It didn't sound promising, but she was right. The rest stop was a simple brick pavilion with curled metal roof supports that mimicked the low, windswept oaks that cover this part of Texas brush country. The branding-iron medallions on the exterior were a nod to the area's ranching pedigree. King Ranch stretches from Corpus down to South Padre and is one of the largest working ranches in the country, about the size of Rhode Island.
At Raymondville, we left the main road and headed once again toward the coast. On the back roads, the pace of life slowed considerably—even the one-armed oil pumps seem to work at their own speed. Apart from a couple hugging the soft shoulder in an El Camino and an old man in a cowboy hat puttering along in a pickup, we had the road to ourselves.
Our sleepy meandering ended the minute we hit Port Isabel. We headed onto the Queen Isabella Causeway, the high-rise playground of South Padre Island appearing out of the mist. But as the light began to fade in this cheesy resort town, we wanted one last ride along the shore. Five miles north of the main drag, we pulled off the road and walked over the dunes to the water. A convoy of trucks and SUV's plowed down the beach, kicking up sand, until one Durango got caught in a dune. We sat and watched the frustrated driver spin his wheels into an even deeper rut, and my appreciation of the Bug grew. Sometimes the perfect beach car doesn't have to drive on the beach.
ITINERARY: HOUSTON TO S. PADRE ISLAND
Day 1: 245 miles. From Houston, take I-45 to Galveston. For the drive down the island, follow Seawall Boulevard as it becomes Route 3005. At Freeport, take 36 northwest to 35. Head south on 35 through Palacios, ending up in Rockport. Day 2: 35 miles. Continue south on 35 to Aransas Pass, then take 361 to the Port Aransas ferry. Continue down Mustang Island on 361 and cross the bridge to Padre Island. After visiting the national park, head to Corpus Christi on 22 (past the JFK Causeway, it becomes 358, or Padre Island Drive). Day 3: 150 miles. Leave Corpus by Chapman Ranch Road (286), turn right onto 70 and pick up 77 at Bishop. At Raymondville, head east on 186 to San Perlita, then take 1420 south to Rio Hondo. Continue south to Los Fresnos on 1847, then pick up 100 to Port Isabel and South Padre Island.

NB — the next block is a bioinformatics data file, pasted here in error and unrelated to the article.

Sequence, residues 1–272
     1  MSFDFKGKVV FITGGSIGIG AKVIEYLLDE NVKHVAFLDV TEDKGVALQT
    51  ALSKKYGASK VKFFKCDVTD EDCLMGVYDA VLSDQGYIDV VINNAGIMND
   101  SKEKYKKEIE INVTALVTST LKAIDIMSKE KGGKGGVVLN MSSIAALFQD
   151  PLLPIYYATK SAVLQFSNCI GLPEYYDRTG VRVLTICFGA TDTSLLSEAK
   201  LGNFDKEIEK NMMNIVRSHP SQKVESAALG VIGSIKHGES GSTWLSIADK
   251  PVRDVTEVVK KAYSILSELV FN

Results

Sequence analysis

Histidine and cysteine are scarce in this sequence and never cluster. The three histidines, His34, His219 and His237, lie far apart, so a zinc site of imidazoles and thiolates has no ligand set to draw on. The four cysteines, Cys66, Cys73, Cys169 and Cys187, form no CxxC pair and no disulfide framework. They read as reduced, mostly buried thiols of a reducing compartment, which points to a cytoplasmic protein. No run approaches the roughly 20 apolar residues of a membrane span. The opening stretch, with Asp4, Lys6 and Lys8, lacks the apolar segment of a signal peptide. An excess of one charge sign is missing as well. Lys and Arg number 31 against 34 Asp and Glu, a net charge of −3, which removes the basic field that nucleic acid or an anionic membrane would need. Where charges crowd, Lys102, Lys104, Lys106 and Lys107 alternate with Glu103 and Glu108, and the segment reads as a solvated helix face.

WHERE TO STAY
Hoopes' House Bed & Breakfast A restored Queen Anne house with eight guest rooms and a pool. DOUBLES FROM $120 417 N. BROADWAY, ROCKPORT; 800/924-1008 www.hoopeshouse.com
George Blucher House The six-bedroom Victorian sits on a bluff overlooking downtown. DOUBLES FROM $100, INCLUDING BREAKFAST 211 N. CARRIZO ST., CORPUS CHRISTI; 866/884-4884 www.georgeblucherhouse.com
Brown Pelican Inn Each of the eight rooms here has a porch; ask for one overlooking the bay. DOUBLES FROM $110 2711 W. ARIES ST., S. PADRE ISLAND; 956/761-2722 www.brownpelican.com
WHERE TO EAT
Mosquito Café A sophisticated boho café with huge sandwiches and good coffee. LUNCH FOR TWO $20 628 14TH ST., GALVESTON 409/763-1010
Taqueria Atotonilco No-nonsense Tex-Mex with great refried beans. The breakfast destination in town. Don't miss the huevos rancheros con chorizo. BREAKFAST FOR TWO $10 1102 WHARF ST., ROCKPORT 361/790-9000
Papa Leo's Texas Bar-B-Q Right on Fulton Beach. Try the pork spareribs or the Texas-sized half-pound BBQ beef sandwich. LUNCH FOR TWO $12 100 N. CASTERLINE DR., ROCKPORT; 361/729-8533
Padre Island Brewing Co. Home-brewed beers and pub food. DINNER FOR TWO $25 3400 PADRE BLVD., S. PADRE ISLAND; 956/761-9585